WOOL bale branding and the myriad identification marks that end up adorning bales moving from farm to factory could soon be redundant.
Australia’s first commercial electronic wool bale identification system to track bales from domestic storage to overseas processors will be launched next week by the nation’s leading wool logistics supplier AWH.
The system aims to solve the current ‘nightmare’ of bale identification by using an AWEX-agreed international standard RFID/QR tag capable of tracking greasy wool from farm to early stage processor.
AWH national wool manager David Mitchell said the system had the potential to save the industry up to a million dollars annually. AWH is initially introducing the system at the point of packing for export at no charge to exporters.
The tag will be stapled to packs and will carry no data, but will enable the provision of greasy wool specification data via an electronic packing list. Data from the AWH packing house, plus data the exporter chooses to provide, will be combined into an electronic file linked to each tag, suitable for importing into the IT system of an early stage processor. This information could also include National Wool Declaration or AWTA certification data.
Mr Mitchell said once tag use was established in its packing house network, AWH will introduce it into its broader wool handling operations.
The new technology has been designed to complement AWEX’s promotion of electronic wool classer specifications and tags used on farm in its WoolClip and eBale programs. Mr Mitchell said AWH expected to eventually connect its electronic tagging system with the AWEX system that operates from farm wool sheds. AWH would then retire its physical tag in favour of the AWEX in-bale tag.
AWH chief information officer Darryl Drake said the AWEX and AWH tags are compatible.
“We can read AWEX tags and they can read ours.”
Mr Mitchell said AWH had discussed with AWEX how it could speed up the adoption of electronic bale identification and decided to introduce the tags at its packing houses to get a faster export market impact. Initially the system would be rolled out in AWH’s Melbourne and Sydney packing houses and then extended into AWH facilities in Western Australia, Adelaide and Brisbane, and into brokers’ stores, he said.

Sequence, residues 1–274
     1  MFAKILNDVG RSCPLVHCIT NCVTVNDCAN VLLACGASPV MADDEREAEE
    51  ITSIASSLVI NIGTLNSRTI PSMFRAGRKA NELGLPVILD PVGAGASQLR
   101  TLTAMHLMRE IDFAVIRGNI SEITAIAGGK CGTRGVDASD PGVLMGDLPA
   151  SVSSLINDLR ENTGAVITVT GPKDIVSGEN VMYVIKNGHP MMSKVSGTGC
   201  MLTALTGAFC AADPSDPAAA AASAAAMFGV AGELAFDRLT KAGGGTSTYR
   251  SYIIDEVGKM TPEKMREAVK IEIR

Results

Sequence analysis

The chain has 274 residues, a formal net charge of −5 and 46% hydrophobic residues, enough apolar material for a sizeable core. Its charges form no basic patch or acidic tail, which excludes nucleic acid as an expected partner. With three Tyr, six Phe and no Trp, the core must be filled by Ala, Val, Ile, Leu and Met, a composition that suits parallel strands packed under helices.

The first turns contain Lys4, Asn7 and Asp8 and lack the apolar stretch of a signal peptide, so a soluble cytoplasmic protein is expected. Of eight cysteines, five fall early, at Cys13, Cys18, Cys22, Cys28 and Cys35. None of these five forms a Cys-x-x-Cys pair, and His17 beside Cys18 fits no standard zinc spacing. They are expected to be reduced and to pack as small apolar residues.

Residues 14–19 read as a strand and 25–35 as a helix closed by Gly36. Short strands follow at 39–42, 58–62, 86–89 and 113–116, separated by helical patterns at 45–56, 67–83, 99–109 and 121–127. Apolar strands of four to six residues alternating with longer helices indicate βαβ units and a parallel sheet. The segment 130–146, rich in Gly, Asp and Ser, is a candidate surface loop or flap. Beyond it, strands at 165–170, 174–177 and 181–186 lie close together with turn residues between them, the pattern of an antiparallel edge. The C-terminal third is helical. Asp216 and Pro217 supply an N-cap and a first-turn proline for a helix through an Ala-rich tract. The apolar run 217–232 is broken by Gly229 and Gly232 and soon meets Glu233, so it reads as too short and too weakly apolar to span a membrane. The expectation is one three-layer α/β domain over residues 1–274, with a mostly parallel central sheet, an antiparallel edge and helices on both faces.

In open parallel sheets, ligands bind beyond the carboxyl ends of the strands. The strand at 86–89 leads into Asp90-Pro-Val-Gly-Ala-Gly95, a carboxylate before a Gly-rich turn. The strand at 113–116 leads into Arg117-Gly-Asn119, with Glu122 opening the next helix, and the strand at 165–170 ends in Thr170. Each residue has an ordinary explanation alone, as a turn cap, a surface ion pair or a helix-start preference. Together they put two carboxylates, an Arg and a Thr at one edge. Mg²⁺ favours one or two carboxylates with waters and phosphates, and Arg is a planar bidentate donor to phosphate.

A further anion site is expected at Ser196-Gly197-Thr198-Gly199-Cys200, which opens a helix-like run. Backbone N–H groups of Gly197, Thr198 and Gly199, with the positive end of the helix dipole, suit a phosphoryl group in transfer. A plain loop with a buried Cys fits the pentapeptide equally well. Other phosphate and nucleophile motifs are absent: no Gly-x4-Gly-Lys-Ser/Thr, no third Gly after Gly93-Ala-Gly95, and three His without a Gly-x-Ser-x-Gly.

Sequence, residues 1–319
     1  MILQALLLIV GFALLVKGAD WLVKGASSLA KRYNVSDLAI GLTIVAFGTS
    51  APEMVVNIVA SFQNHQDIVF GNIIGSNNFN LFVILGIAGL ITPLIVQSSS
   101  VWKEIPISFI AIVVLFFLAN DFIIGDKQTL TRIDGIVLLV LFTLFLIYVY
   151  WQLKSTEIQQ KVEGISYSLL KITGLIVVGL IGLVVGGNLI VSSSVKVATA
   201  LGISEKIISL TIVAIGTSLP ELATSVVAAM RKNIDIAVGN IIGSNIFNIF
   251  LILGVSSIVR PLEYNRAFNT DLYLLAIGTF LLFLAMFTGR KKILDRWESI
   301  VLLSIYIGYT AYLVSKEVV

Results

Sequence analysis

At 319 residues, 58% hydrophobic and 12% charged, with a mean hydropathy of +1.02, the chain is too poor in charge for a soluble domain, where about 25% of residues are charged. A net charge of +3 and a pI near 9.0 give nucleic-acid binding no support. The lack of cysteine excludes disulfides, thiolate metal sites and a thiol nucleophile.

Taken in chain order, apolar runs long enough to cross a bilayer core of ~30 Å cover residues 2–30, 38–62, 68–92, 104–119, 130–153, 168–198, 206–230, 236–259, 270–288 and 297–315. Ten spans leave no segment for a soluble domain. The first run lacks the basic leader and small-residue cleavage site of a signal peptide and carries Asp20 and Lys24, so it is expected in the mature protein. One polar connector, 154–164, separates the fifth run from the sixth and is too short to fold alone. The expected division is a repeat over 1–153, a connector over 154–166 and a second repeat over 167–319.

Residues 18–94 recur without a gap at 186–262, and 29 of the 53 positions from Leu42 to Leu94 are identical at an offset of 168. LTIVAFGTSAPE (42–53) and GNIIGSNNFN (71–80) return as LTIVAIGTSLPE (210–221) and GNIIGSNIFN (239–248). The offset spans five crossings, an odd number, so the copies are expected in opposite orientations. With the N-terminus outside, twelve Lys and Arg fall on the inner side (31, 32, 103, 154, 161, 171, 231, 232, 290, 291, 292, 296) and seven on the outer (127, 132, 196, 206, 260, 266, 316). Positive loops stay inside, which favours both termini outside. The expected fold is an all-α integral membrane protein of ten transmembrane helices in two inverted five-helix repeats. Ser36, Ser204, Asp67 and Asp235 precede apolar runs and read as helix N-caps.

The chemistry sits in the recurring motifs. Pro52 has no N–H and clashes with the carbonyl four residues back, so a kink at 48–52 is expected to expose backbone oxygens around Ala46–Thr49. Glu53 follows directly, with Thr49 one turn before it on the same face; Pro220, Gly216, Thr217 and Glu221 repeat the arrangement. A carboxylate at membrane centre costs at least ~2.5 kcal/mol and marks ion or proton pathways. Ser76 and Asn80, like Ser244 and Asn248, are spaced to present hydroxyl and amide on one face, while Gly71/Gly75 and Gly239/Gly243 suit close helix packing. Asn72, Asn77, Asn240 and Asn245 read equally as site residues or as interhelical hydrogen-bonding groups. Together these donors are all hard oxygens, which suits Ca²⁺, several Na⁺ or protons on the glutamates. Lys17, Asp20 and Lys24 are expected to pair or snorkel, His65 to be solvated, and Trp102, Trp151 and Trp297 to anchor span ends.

“The critical things is it’s going to be national.”
AWEC chief executive officer Mark Grave said AWEX has had a strong relationship with AWH on the project for years. He said it was important to AWH as the largest warehouser of wool in Australia.
National Council of Wool Brokers of Australia president Rowan Woods gave “full marks” to AWH for the initiative.
“As brokers we support traceability and this will enhance traceability.”
He looked forward to electronic bale identification being implemented across the industry.
“If AWH can accelerate that process good on them.”
System has advantages for overseas processors
Mr Mitchell said electronic bale tagging meant overseas buyers will be able to purchase wool in bales with a common tagging system. The International Wool Textile Organisations and the Nanjing Wool Market in China have been notified of the imminent launch.
“We’ve also spoken to the South Africans and the New Zealanders, and they are very much aware and watching and interested to see how this unfolds.
“So then we’ve basically got the Southern Hemisphere, or the key wool-producing countries of the world, potentially working together with a common identification system that the mills can use.”
Industry saving of up to one million dollars annually
AWH handles about 60 percent of the Australian wool clip sold at auction, providing export packing and dumping services through a national warehousing network. But Mr Mitchell said AWH had always been critical of the way bales were marked and identified in wool sheds, in brokers’ stores, for preparation for sale, export and processing.
“It’s been a nightmare – it hasn’t met our needs, it hasn’t met the mills’ needs, it hasn’t met the classers’ needs, it hasn’t met anybody’s needs – it is a real problem.
“We estimate loosely, between overweights, misdescriptions and duplications, it could be costing the Australian industry nearly a million dollars (annually),” he said.
AWH southern region general manager Greg Williamson said he could see the system reducing ‘mispicks’ when packing, with each bale able to be scanned into a shipping box.
He said there are still many points of manual data entry, at core and sort lines, which could be automated by the electronic tag system, minimising human error. The current manual countermarking of bales on receipt into store and on despatch could also be eliminated.
Mr Mitchell said the need for manual data entry at overseas mills would also be reduced by the electronic tagging system. AWH is anticipating a high level of interest from major early stage processors of Australian wool.
“We recognise that this may not be for every processing mill, but the opportunities for those that choose to endorse this technology will be great.”
Other benefits of the electronic tag identification system include tracing the origin of wool, locating and identifying wool in a warehouse or after dumping, and the efficient and accurate blending of wool prior to scouring.